Prove that $10|n+3n^3+7n^7+9n^9$

Prove that $$10|n+3n^3+7n^7+9n^9$$ for every $$n\in \mathbb N$$

Only what i see that 10=5*2 and both number is free numbers, and if I show that $$5|n+3n^3+7n^7+9n^9$$ and $$2|n+3n^3+7n37+9n^9$$ that I prove, since 5 and 2 is free numbers i can use Fermat's little theorem such that $$5|n^5-n$$ and $$2|n^2-n$$ but i can not see that somehow help me, do you have some idea?

• Your tags are totally irrelevant to the question. – Batominovski Oct 31 '18 at 19:01

Method 1:We can try factoring but ... I don't want to.

Method 2: Euler's theorem. If $$\gcd(n, 10) = 1$$ then $$n^{\phi(10)}=n^4 \equiv 1\pmod {10}$$ So $$n + 3n^3 + 7n^7 + 9n^9 \equiv n + 3n^3 + 7n^3 + 9n = 10n + 10n^3 \equiv 0 \mod 10$$.

But if $$\gcd(n,10) \ne 1$$???

Well chinese remainder theorem.

$$\mod 2$$ we have $$0^k \equiv 0$$ and $$1^k \equiv 1$$ so $$n^k \equiv n$$ so

$$n + 3n^3 + 7n^7 + 9n^9 \equiv n + n^3 + n^7 + n^9 \pmod 2$$ and $$a^k \equiv a \pmod 2$$ so $$n + n^3 + n^7 + n^9 \equiv 4n \equiv 0 \pmod 2$$

$$\mod 5$$ we have $$\gcd(n,5)$$ means $$n^{5-1} \equiv 1 \pmod {10}$$.

If $$\gcd(n,5)= 1$$ then $$n+3n^3 + 7n^7 + 9n^9 \equiv n + 3n^3 + 2n^3 + 4n \mod 5\\ \equiv 5n +5n^3 \equiv 0 \mod 5$$ But if $$\gcd(n,5) \ne 1$$ the $$\gcd(n,5) = 5$$ so $$n + 3n^3 + 7n^7 + 9n^9 \equiv 0 \mod 5$$.

So $$2|n+3n^3 + 7n^7 + 9n^9$$ and $$5|n+3n^3 + 7n^7 + 9n^9$$ so $$10|n+3n^3 + 7n^7 + 9n^9$$. Always.

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Actually since $$\phi(10) = \phi(5) = 4$$ we get $$n+3n^3 + 7n^7 + 9n^9 \equiv 10n + 10n^3$$ when $$\gcd(n, 5) \ne 0$$. so the only case to consider is if $$\gcd(n, 5) = 5$$.

i.e. if $$5|n$$.

Well if $$5|n$$ then obviously $$5| n+3n^3 + 7n^7 + 9n^9$$ and just remains to show $$n+3n^3 + 7n^7 + 9n^9$$ is even (when $$5|n$$).

Well, ... that's easy. If $$n$$ is even then it is the sum of four even terms. If $$n$$ is odd it is the sum of $$4$$ odd terms.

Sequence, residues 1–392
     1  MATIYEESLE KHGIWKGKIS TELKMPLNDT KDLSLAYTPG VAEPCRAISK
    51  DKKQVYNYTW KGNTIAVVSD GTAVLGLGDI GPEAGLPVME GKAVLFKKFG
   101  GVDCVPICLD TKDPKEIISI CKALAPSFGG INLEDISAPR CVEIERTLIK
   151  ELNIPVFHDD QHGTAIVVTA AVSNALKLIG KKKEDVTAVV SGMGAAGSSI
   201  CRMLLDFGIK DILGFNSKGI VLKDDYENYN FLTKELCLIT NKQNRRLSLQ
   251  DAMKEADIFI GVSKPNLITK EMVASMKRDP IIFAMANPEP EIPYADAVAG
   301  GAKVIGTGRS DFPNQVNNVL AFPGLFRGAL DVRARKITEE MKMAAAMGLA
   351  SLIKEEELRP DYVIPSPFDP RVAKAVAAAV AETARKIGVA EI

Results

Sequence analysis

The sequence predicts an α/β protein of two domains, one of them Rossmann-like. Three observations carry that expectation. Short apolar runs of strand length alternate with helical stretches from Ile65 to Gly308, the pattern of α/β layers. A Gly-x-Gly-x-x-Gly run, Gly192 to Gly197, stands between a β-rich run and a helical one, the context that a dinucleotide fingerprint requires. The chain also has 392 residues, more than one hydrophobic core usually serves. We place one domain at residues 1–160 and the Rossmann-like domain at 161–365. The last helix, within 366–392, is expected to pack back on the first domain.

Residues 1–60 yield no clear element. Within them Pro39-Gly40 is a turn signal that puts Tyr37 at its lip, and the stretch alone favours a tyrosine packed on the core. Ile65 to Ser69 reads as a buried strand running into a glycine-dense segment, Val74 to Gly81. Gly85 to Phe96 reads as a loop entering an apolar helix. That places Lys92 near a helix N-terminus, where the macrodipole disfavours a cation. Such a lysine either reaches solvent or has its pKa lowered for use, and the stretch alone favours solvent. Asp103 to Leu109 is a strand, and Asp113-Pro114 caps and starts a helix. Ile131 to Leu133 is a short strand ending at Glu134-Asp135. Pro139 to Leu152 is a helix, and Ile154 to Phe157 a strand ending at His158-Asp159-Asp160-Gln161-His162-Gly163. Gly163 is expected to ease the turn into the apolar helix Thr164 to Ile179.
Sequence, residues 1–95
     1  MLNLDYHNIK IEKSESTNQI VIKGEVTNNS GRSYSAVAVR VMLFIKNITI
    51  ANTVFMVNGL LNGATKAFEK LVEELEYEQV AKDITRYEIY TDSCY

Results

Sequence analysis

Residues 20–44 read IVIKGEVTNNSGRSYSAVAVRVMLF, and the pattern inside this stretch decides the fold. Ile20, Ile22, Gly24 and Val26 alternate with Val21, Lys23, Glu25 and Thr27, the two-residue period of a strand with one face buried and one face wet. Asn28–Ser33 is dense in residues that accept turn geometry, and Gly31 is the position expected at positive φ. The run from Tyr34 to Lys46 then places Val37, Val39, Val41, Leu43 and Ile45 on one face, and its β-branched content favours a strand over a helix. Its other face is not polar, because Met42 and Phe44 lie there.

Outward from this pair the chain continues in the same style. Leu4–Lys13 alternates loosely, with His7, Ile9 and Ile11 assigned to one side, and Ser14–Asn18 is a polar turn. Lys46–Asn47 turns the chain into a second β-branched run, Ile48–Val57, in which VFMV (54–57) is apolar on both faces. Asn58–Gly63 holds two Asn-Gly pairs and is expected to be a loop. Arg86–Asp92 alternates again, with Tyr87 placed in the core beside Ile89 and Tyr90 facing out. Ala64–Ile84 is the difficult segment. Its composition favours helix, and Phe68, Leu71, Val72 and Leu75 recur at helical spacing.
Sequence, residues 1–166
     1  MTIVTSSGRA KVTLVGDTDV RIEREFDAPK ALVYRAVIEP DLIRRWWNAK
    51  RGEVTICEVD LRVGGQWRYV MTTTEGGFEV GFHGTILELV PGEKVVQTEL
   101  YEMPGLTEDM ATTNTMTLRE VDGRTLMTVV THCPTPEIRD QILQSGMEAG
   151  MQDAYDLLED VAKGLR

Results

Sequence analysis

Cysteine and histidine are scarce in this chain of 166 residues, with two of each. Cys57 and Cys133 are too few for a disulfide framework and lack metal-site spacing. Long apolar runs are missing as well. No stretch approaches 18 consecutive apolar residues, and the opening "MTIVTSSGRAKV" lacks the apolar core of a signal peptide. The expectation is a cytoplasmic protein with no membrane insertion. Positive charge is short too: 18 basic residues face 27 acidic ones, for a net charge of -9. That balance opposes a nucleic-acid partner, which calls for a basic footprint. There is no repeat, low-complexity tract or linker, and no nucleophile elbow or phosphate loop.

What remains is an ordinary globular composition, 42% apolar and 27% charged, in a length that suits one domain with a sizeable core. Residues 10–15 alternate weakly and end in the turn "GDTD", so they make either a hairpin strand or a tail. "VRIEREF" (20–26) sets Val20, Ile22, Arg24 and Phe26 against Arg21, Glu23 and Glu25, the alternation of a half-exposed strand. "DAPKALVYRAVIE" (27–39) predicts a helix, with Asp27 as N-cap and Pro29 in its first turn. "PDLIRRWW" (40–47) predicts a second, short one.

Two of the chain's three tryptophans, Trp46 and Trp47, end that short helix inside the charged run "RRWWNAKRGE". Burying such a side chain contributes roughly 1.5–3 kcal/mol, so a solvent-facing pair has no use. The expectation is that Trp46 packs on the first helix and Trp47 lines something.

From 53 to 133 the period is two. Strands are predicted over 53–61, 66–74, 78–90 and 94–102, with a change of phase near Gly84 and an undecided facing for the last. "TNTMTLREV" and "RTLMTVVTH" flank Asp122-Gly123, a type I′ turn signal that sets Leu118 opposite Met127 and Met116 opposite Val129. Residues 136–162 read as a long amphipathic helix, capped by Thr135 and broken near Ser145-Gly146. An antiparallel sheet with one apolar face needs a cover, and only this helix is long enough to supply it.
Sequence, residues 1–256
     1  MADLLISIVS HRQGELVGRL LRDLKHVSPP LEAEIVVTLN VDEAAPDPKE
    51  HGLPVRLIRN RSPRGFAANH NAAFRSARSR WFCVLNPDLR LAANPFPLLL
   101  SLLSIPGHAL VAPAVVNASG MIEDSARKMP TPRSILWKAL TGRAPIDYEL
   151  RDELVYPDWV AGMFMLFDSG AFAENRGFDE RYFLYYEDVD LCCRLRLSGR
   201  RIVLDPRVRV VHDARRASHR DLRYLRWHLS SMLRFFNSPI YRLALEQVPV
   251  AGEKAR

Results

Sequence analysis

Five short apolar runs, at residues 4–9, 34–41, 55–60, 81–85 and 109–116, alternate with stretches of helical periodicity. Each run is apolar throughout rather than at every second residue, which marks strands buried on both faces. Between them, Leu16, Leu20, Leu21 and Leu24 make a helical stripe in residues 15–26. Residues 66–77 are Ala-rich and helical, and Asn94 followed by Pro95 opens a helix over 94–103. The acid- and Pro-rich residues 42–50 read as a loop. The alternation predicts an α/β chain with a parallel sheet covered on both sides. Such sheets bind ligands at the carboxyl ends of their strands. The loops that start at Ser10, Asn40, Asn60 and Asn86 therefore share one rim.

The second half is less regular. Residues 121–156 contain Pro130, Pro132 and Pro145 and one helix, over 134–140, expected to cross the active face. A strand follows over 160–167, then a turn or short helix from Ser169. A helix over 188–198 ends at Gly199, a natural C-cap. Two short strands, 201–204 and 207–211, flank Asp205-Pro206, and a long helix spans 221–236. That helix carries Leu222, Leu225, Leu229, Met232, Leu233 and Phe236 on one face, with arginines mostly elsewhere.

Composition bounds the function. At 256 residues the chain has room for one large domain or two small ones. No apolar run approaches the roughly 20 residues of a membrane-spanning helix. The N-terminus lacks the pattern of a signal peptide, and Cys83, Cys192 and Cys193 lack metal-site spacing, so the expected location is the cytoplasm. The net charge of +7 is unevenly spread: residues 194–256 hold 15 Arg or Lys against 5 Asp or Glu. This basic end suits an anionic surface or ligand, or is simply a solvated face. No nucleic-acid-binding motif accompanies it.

• and technically I never used Chinese remainder theorem as it turned out I didn't have to solve anything. – fleablood Oct 31 '18 at 20:11

Denote $$f(n) = n + 3n^3 + 7n^7 + 9n^9$$. The terms in $$f(n)$$ are either all odd or all even, so $$f(n)$$ is even.

By Fermat's little theorem, $$9n^9 \equiv 4n \bmod 5$$ and $$7n^7 \equiv 2n^3 \bmod 5$$. Therefore, $$5 | f(n)$$.

Combining these results, $$10 | f(n)$$.

• The most succint and short Answer among the 7 posted so far....+1 – DanielWainfleet Nov 1 '18 at 7:34

\begin{align} \bmod 10\!:\ f_n & = \ n+9n^9 +\ 3n^3\,+ 7n^7\\ &\equiv n(1\!-\!n^8) + 3n^3(1\!-\!n^4)\ \ \ {\rm by}\ \ \ 9\equiv -1,\,\ 7\equiv -3\\ &\equiv \color{#c00}{n(1\!-\!n^4)}\,g_n \end{align}

Notice that $$\,2,5\mid \color{#c00}{n\,-\,n^5}\$$ by Fermat.

Or, equivalently, $$\,\color{#c00}{n^5\equiv n}\,\Rightarrow\, n^7\equiv n^3,\, n^9\equiv n\$$ so $$\,f_n\equiv (1\!+\!9)n+(3\!+\!7)n^3\equiv 0$$

Hint: $$n+3n^3+7n^7+9n^9\equiv n+3n^3-3n^7-n^9\equiv -(n^4-1)(n)(n^4+3n^2+1)$$ mod 10, so prove $$2|n(n^4-1)$$ and $$5|n^4-1$$ when $$n\neq5k$$ and $$5|n$$ when $$n=5k$$.

• Note that $2$ does not always divide $n(n^4+3n^2+1)$, though. It does always divide $n(n^4-1)$. Likewise, $5$ does not always divide $n^4-1$, but it always divides $n(n^4-1)$. – Batominovski Oct 31 '18 at 19:06
• What about $n=5$? – Batominovski Oct 31 '18 at 19:18
• yes, thanks.... – Nosrati Oct 31 '18 at 19:20

Let $$p(n)=n+3n^3+7n^7+9n^9$$ and let $$r$$ be a remanider when $$n$$ divided by $$5$$. Then we have $$5\mid n-r$$ and $$n-r\mid p(n)-p(r)$$

So $$5\mid p(n) \iff 5\mid p(o)$$

So you have to check if $$p(o)$$ is divisible by $$5$$, for $$o\in\{0,1,2,3,4\}$$ and that shouldn't be difficult.

The same procedure do for $$2$$.

I see many ideas here bit I will try this too.

Notice that all terms are either all evens or all odds, and we have four terms, hence, the number is always even i.e. divisible by 2.

For divisibility by 5, you may check $$0, \pm 1, \pm 2 \pmod 5$$, they are all zero. This is very elementary but efficient since 5 is small.

Now you can conclude that the number is divisible by 10.